Highway Link Design
Highway Link Design
Pupils optimise the cost of building a village by-pass by making decisions based upon realistic data in the form of maps, tables and graphs.
Pupils work in groups to plan and cost a village by-pass. The cost of building a bypass cannot be measured only in financial terms, so the Case Study challenges pupils to use mathematics to create an optimal route, using either software or physical resources, taking into account the wider social, environmental, work-related and economic issues. Pupils engage in problem-solving to decide which solution best takes into account these issues and the viewpoints of different stakeholders. The mathematical concepts include scale, speed and the measurement of curvature. Pupils need to balance environmental and social factors to determine a route and then cost their chosen route. They then design and present their plans and assess those of other groups.
Specialised software is included, and extension activities create further opportunities for pupils to cost real by-passes, using Google Earth.
Use data tables and graphs from the Highways Agency. Find ways to satisfy constraints (minimum radii of curvature, verge clearance, cambers etc). Cost and present proposed solutions.
Specific Key Stage 3 National Curriculum areas covered include:
- Key processes - analysis of situations described in the activities, using mathematical procedures; interpret and evaluate, communicate and reflect on their results.
- Number and algebra - rational numbers, their properties and their different representations; rules of arithmetic applied to calculations and manipulations with rational numbers; applications of ratio and proportion.
- Geometry and measure - properties of 2D and 3D shapes; constructions, loci and bearings; similarity, including the use of scale; points, lines and shapes in 2D coordinate systems; units, compound measures and conversions.
- Curriculum opportunities - work on problems that arise in other subjects; group discussion and collaborative work - as well as work independently in a range of contexts; opportunities to use either ICT or practical work; work with other subject areas.
Organisation and pedagogy
This Case Study supports four to six hour-long lessons of classroom activity with optional homework and is suitable for all pupils in Years 8 or 9. There are opportunities for a mixture of class, group and individual work. Pupils are encouraged to role-play in order to consider opinions from different 'stakeholders', make decisions and solve a real-world problem. Using either the facilities provided by an ICT suite or a pin-board and curtain wire, pupils are involved in thinking, discussing and making presentations of the mathematically-based content. There are Curriculum opportunities to work with design and technology, geography, drama and English subject specialist lessons.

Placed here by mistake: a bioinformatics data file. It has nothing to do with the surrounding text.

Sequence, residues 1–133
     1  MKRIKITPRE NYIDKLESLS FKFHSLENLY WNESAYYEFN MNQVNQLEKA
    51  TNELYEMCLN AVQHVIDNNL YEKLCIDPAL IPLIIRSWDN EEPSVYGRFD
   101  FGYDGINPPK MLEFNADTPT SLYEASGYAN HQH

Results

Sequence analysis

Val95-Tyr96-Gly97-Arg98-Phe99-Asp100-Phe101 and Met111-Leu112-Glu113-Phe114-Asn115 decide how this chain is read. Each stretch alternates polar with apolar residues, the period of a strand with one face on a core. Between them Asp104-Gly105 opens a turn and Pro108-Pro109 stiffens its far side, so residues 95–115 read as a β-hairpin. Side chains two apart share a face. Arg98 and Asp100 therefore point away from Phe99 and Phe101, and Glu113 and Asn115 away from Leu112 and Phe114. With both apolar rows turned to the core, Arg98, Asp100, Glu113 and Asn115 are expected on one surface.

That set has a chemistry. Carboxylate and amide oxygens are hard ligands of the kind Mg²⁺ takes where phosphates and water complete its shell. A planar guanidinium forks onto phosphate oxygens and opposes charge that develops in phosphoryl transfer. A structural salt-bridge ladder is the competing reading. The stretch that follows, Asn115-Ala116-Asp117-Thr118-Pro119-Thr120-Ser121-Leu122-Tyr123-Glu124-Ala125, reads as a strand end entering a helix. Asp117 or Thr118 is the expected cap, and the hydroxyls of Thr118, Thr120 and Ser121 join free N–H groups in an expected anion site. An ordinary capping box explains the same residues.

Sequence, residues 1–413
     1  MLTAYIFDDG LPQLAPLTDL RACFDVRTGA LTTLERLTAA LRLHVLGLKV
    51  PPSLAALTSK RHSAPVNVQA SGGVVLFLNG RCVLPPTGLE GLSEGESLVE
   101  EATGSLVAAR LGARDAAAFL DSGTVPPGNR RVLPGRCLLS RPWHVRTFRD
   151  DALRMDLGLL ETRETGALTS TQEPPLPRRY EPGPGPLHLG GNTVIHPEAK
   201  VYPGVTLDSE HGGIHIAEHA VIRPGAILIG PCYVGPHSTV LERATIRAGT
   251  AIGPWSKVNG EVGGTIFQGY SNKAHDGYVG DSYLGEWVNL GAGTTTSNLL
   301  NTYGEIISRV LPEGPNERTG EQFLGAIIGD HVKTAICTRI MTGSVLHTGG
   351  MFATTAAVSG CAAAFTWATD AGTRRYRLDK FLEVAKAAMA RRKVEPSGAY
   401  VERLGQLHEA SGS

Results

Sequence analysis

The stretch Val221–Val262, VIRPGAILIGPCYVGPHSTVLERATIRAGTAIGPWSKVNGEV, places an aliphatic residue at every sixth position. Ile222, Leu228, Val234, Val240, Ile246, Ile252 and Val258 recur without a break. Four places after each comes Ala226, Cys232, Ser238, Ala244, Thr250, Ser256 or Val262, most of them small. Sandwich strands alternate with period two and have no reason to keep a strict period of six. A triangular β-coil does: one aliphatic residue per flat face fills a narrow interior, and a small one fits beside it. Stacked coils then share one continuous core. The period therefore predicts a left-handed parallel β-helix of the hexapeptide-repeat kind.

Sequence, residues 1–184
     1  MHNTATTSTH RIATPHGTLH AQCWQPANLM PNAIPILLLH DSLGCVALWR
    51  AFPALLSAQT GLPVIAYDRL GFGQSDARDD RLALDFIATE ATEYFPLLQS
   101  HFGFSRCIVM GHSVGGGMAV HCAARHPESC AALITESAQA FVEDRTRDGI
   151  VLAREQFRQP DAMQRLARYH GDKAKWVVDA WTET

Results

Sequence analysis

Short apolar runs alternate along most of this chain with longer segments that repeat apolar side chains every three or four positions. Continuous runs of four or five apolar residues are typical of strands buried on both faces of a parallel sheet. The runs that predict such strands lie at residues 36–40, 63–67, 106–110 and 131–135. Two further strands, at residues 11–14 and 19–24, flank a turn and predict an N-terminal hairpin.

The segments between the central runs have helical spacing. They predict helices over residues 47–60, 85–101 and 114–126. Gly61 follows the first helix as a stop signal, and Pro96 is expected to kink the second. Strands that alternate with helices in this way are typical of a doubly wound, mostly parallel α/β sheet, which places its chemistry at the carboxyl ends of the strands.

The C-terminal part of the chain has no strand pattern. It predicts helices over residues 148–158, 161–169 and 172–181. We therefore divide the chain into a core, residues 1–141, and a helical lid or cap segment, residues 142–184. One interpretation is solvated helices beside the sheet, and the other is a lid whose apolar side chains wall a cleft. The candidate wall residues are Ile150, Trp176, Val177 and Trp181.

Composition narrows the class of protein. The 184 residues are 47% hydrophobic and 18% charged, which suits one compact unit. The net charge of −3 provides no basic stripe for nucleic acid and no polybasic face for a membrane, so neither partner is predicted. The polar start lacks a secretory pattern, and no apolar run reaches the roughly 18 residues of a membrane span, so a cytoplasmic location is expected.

This Case Study contains a collection of printable and ICT resources comprising:
- An introduction - read this first for a more detailed overview.
- Pupil handouts - nine sets of pupil materials - some need printing on card, ideally in colour, and cutting out.
- Lesson plans - five lessons and optional homework
- Bypass software (for PCs with MS Windows)
- Bypass software guide - an introduction to the icons used in the Bypass Software.
- Map - a map of the terrain in which the bypass is to be built.
- Pinboards guide - instructions for building a physical model using pinboards and curtain wire.
- Google Earth guide - guide to using Google Earth.
- Calculators and Converters - Excel Spreadsheets.
(including hardware & software)
- The Bypass software requires a PC with MS Windows (Apple Mac users can still access the other material).
- Some lessons require a computer for each pair or small group of students.
- An alternative approach using pin boards can be used without PCs.
- Microsoft Excel or an alternative (such as OpenOffice) is required in order to use the calculators and converters spreadsheet. OpenOffice is available from http://www.openoffice.org.